Through its diplomatic humanitarian network the order has direct contact with governments that help its representatives working in the field. Face-to-face contact, both at the highest level and on the ground amid the populations and refugees under strife, are crucial because, as Baron Boeselager explains, “when you have met these people they know who you are and this gives you protection, because our strength is always to act with a very open agenda, explain what we do, and what we aim to do and to talk with everybody”. Indeed, as long you have people to talk to on the ground you can help, he says. You also have to see the situation through the eyes of the people you are trying to help.
That does not mean that the order has not suffered casualties in its humanitarian activities in conflict areas. First in Vietnam, then in Afghanistan, representatives and workers of the order have been killed. Until now, the order in the latest Middle East conflict has not been a target of fundamentalists, but the Grand Chancellor believes this could happen at any time. The order is currently working in Turkey, Lebanon and Kurdistan, and is running on remote control two mobile clinics in Baghdad which are steered by the order’s Lebanese
The order currently has three expats working in Kurdistan. “We always try to recruit locals or the people from the targeted populations.
So in Turkey on the border, for instance, we run the field hospital with Syrian refugees.” As for Syria and Iraq, the situation is so complex and dangerous right now that direct assistance is difficult, if not impossible. For example, the order is now in close contact with the Church in Syria who have strongly advised it not to send out expats, not only because they do not want to expose them to risks but, more importantly, these expats would expose the people the Church is working with to risks. “Yes, we are still helping in Syria,” he explains, “but through people living in Syria who cross the border into Turkey to bring goods to Syria and other channels.”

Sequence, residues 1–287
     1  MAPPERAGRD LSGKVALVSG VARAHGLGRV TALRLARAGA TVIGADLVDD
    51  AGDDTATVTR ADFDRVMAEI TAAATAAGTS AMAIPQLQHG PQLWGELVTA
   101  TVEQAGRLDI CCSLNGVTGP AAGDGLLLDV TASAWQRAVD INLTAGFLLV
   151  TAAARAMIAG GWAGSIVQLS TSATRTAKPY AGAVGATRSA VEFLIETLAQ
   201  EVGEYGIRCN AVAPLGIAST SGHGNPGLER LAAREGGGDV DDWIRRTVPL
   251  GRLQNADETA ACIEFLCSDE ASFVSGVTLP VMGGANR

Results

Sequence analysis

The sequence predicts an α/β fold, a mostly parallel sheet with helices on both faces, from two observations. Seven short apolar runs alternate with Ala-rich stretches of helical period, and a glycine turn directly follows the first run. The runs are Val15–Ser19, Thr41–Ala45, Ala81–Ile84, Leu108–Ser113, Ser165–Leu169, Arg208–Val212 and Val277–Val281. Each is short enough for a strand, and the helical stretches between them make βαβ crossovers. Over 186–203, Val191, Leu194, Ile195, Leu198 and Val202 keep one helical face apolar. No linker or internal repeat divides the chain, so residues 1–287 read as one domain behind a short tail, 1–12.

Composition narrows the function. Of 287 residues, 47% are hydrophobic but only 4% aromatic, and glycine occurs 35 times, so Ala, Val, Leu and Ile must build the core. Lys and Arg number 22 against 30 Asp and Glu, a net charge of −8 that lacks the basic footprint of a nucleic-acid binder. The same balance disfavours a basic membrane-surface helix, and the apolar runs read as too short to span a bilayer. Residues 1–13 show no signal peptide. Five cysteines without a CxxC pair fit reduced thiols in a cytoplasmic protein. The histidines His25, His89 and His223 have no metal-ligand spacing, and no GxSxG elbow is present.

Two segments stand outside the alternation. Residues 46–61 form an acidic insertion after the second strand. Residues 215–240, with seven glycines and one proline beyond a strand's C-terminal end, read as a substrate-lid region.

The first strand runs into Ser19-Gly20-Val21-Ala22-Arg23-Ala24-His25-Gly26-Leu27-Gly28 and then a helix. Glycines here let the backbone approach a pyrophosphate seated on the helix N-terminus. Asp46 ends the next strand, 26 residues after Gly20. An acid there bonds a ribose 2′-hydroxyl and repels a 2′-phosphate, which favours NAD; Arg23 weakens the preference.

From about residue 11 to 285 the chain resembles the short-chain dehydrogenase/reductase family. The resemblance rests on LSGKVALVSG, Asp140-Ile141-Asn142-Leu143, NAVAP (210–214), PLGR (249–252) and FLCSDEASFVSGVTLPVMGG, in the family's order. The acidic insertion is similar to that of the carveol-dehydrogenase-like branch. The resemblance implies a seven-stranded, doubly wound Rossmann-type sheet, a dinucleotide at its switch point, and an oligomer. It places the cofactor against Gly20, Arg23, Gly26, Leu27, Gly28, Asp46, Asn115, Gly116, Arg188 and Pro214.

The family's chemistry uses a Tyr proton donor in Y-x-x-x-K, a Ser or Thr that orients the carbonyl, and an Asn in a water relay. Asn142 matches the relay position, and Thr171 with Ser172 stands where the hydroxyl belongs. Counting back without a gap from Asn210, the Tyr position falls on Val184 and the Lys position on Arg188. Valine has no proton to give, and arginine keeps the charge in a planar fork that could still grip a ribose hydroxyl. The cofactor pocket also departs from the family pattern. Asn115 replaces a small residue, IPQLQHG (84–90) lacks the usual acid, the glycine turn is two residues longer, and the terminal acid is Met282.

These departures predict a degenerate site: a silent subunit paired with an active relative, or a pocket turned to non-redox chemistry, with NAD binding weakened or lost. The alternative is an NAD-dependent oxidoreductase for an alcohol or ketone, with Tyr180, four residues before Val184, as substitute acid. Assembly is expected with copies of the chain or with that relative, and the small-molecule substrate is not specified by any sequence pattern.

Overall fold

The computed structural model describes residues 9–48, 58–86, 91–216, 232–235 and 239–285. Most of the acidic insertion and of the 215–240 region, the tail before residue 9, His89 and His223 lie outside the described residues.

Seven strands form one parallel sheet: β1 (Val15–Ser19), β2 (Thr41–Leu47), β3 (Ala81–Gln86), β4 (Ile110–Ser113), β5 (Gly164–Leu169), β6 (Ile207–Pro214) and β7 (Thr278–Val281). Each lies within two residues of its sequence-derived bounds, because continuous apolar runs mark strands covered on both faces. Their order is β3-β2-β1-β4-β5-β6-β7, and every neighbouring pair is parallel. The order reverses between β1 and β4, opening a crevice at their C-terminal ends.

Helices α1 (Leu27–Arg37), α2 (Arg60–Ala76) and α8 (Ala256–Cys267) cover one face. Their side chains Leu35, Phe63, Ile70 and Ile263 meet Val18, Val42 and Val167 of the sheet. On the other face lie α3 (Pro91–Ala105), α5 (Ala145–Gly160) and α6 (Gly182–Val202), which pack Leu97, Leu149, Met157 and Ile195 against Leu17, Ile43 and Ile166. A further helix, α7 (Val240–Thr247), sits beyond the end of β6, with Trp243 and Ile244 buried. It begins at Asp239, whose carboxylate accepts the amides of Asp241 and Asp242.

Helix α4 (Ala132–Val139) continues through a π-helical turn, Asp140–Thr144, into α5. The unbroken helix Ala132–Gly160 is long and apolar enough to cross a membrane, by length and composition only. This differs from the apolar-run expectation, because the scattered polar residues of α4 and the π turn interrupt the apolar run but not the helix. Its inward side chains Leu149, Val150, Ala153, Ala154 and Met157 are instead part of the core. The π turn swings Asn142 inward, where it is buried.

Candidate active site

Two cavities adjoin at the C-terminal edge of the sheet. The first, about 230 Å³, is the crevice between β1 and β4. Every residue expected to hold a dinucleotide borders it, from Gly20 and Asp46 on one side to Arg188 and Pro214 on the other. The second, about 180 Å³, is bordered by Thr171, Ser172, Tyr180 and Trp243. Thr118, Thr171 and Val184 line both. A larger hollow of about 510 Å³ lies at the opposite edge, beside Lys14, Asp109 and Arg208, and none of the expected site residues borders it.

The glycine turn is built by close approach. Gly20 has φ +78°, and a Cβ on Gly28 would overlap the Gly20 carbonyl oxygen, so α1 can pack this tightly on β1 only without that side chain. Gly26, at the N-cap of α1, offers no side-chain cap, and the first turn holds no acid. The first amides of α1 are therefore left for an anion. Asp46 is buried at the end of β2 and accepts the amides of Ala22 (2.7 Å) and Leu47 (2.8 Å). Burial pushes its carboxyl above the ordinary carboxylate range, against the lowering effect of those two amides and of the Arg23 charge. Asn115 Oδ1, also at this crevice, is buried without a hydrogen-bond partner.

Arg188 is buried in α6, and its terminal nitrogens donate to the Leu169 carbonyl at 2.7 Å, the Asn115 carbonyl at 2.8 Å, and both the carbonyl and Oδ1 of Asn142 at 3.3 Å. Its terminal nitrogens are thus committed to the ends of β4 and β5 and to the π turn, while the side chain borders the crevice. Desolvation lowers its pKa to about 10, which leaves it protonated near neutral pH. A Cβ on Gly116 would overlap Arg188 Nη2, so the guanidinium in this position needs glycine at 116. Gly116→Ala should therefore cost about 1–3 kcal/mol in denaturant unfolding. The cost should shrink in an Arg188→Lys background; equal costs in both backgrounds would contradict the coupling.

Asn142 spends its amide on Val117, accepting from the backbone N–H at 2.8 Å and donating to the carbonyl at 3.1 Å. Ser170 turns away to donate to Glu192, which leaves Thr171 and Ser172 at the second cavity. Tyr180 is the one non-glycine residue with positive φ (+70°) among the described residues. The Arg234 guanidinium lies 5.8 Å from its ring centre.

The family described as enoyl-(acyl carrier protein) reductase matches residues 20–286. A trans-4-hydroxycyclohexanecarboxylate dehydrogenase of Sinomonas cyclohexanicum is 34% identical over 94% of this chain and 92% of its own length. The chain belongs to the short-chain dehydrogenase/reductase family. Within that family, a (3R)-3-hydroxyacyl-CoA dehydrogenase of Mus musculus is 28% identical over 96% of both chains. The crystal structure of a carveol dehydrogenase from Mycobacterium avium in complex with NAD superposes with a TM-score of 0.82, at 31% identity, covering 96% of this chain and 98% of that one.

In many parts of Iraq, the situation is much too dangerous. “It is not only dangerous because you could become a target. Much more is the danger of falling between the lines,” he says.
Syria and Iraq have inevitably been grabbing the spotlight but such emergencies are only a fraction of the work the order undertakes. “We are active now in 120 countries with bigger and smaller operations. We have between 80,000 and 100,000 volunteers, and 30,000 or so employees. It has become a big operation whereby the huge proportion of activities is not emergency relief. It involves activities such as our Homes Trust here in England, hospitals in Germany, volunteer organisations, social aid, first aid and care for the elderly, the homeless, the handicapped, but the limelight is always on conflicts and disasters.”
That said, one should not underestimate the order’s achievements in conflict and disaster zones. Take Iran: “The last time we were there was after the severe earthquake. We were surprised how well they were organised and how unideological. In the aftermath of the earthquake when the first phase of aid was over we were asked by the local government to coordinate all the NGOs and to train new local NGOs. We were astonished.”
There are many other examples. “In one African country our ambassador discovered in the central prison there was no separation between men and women. You can imagine what happened. And on one side, the government did not care and, on the other side, they were ashamed so they did not let anybody in to see it. But they trusted our ambassador and allowed him to build a wall just across the middle of the prison to separate men and women and, in addition, to build a small clinic. And this was only possible because he had direct contact to the prime minister and they saw he was not a dependent of anybody and did not have to report to any other national or international body.”
One last example. “In the last Lebanon war our ambassador negotiated the release of more than 1,000 hostages. The European papers were full of the stories of the western hostages but not of the Lebanese hostages. And he went with his diplomatic car into the battlefield in the Beqaa Valley to take the injured out and he was not attacked by either side.” All these examples are small pieces, says the order’s Grand Chancellor in his understated way, “but they underline how we work”.
Link to article: http://goo.gl/UDMiaR